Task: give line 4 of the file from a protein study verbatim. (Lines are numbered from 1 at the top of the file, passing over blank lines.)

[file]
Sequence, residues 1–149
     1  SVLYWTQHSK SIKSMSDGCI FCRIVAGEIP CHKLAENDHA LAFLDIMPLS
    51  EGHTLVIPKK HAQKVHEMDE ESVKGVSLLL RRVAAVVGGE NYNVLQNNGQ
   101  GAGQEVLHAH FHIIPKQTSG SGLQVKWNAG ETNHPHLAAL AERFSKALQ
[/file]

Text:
   101  GAGQEVLHAH FHIIPKQTSG SGLQVKWNAG ETNHPHLAAL AERFSKALQ